march march"); "Manana" ("we will cover the earth like air and water
                                    tomorrow is blank well just fill it in with our little answers"); "The
                                    Happiest Place on Earth," and the rest of that Read Music/Speak Spanish lp
                                    Eric B. & Rakim, "Casualties of War" (1991 Gulf War rap)
                                    Clash, "I'm So Bored With the USA" (no gettin' round it)
                                    Caetano Veloso
                                    The soundtrack to the documentary "Life & Debt" (including Ziggy Marley,
                                    Mutabaruka, Peter Tosh and even Buju Banton(!))
                                    Radiohead, it has to be admitted
                                    Asian Dub Foundation, "Basta"
                                    etc
                                  • Carl Zimring
                                    --On Friday, November 7, 2003 10:43 AM -0800 Lance Davis ... Great suggestion, Lance. (And Jason.) The Mekons s Memphis, Egypt is, aside from being one of
                                    Message 17 of 28 , Nov 8, 2003
                                      --On Friday, November 7, 2003 10:43 AM -0800 Lance Davis
                                      <lwdavis1@...> wrote:

                                      > What about the Mekons? Certainly they've covered this subject.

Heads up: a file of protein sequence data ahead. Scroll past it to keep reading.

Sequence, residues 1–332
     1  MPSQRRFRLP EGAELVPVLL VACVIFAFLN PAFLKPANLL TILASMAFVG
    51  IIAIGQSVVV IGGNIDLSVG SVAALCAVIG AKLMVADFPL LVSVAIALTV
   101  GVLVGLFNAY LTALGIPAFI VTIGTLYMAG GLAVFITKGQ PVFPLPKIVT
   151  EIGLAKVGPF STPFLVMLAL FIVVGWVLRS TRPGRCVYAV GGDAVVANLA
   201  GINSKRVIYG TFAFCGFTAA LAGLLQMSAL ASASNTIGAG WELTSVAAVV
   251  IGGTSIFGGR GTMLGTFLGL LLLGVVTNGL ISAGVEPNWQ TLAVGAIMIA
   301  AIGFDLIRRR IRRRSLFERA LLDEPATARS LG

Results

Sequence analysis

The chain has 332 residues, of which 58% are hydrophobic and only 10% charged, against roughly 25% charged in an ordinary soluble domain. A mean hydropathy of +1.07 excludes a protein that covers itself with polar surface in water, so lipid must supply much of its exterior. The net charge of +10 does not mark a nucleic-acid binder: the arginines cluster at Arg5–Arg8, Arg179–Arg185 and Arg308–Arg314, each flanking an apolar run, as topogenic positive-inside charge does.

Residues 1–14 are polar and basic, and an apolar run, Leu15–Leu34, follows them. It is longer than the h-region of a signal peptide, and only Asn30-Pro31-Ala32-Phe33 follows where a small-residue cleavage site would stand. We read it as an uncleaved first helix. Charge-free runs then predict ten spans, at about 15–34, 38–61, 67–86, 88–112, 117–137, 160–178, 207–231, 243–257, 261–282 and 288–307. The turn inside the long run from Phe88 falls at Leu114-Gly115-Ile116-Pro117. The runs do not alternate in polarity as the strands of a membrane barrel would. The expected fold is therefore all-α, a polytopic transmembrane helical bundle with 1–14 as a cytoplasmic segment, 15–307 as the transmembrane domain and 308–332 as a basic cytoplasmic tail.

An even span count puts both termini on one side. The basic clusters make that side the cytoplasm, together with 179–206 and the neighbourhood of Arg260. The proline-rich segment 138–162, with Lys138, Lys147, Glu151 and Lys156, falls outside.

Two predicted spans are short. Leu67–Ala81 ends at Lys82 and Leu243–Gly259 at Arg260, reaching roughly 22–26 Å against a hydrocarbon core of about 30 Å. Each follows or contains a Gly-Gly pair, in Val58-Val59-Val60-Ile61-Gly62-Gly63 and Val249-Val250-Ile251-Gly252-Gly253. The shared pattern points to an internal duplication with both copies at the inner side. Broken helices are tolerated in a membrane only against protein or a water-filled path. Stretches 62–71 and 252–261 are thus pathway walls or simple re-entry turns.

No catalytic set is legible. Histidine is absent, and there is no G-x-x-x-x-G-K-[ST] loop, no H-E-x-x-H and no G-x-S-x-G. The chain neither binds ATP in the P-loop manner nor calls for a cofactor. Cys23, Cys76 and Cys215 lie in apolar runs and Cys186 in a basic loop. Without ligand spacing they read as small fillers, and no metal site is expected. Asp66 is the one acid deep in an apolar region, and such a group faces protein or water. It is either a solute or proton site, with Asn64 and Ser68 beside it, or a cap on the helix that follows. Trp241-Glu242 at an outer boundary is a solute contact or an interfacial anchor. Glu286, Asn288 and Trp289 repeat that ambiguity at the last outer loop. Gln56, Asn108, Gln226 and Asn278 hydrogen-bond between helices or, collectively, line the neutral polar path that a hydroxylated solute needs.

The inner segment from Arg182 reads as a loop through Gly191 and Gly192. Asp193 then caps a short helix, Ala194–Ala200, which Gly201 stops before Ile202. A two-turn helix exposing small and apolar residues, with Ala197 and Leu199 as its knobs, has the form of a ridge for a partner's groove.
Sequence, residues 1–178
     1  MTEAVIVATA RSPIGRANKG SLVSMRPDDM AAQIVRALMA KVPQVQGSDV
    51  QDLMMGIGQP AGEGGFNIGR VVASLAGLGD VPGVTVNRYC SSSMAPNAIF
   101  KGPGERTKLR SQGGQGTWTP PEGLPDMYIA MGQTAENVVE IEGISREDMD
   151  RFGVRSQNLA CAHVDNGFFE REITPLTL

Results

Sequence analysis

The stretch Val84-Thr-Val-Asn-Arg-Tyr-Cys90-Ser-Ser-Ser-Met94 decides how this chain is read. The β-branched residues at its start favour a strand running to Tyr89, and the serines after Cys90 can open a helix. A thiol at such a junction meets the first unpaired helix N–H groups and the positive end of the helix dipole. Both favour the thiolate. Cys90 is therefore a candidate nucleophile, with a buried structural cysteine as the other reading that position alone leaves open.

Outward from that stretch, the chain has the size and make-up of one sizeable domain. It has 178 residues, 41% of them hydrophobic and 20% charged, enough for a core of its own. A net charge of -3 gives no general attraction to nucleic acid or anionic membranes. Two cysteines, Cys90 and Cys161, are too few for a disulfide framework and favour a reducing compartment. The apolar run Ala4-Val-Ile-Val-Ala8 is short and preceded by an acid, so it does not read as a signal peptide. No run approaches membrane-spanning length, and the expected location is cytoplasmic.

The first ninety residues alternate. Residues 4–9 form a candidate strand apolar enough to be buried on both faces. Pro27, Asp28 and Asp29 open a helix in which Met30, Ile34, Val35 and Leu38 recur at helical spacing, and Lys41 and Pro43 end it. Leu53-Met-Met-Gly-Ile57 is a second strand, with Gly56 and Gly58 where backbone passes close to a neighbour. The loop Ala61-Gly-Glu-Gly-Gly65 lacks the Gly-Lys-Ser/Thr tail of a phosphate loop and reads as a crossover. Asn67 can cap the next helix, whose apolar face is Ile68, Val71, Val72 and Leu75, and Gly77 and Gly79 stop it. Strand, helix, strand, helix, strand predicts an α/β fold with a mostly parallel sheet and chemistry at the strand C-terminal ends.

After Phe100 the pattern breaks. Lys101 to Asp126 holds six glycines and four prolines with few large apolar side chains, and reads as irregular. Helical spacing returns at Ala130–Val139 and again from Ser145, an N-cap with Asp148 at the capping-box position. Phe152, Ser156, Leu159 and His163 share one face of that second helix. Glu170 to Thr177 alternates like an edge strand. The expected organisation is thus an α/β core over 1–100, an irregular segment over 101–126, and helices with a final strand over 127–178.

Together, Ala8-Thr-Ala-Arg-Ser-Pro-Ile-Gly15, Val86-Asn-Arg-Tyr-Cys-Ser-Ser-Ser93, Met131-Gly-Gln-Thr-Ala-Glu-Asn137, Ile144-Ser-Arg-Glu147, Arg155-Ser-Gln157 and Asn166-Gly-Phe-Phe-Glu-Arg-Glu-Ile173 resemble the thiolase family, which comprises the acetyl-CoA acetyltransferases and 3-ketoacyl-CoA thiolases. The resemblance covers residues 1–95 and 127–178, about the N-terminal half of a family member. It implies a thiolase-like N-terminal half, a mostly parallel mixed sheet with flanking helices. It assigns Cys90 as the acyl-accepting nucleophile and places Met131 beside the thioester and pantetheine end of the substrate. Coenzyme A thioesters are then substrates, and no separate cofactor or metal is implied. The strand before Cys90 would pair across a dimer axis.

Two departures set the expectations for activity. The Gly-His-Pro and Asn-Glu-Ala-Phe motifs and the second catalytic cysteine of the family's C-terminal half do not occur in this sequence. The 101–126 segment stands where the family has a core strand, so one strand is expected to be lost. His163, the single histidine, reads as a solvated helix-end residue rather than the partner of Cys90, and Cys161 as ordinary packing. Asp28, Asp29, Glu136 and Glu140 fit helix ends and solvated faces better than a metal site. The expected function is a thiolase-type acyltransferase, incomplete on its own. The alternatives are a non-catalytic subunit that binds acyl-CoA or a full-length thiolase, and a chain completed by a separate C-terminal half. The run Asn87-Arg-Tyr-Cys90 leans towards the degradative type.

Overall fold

Great suggestion, Lance. (And Jason.) The Mekons's "Memphis, Egypt" is,
                                      aside from being one of The Great Rock Songs of the 1980s, a great
                                      summation of the transition from the Cold War as they walk through the wall
                                      into globalized capitalism. And _Oooh!_ works as a post-2001 take on the
                                      cultural dimensions to globalization and its discontents.

                                      "Great Nations of Europe?" Yeah, certainly for the links between the
                                      development of the world economic system and late-20th century spins on
                                      capital's crusades. So between Newman and the Mekons, I can use songs
                                      marking transitions among three major periods of international economic
                                      development.

                                      With "Great Nations of Europe," "The World Isn't Fair," "Freud's
                                      Impression," and a dozen others, Randy Newman is the historian's best
                                      friend. Sometimes I wonder if he is partially responsible for my career
                                      path.

                                      Carl Z.
                                    • Carl Zimring
                                      --On Friday, November 7, 2003 1:40 PM -0500 Wilson, Carl ... _Don t Try This At Home_ is from start to finish my favorite Bragg record, and though it s been
                                      Message 18 of 28 , Nov 8, 2003
                                        --On Friday, November 7, 2003 1:40 PM -0500 "Wilson, Carl"
                                        <cwilson@...> wrote:

                                        > My favourite Billy Bragg tune that's sort of on this subject is the
                                        > little-known, Clash-style rant, "North Sea Bubble," which begins with the
                                        > great line, "I went out drinking with Thomas Paine/ He said all
                                        > revolutions are not the same."

                                        _Don't Try This At Home_ is from start to finish my favorite Bragg record,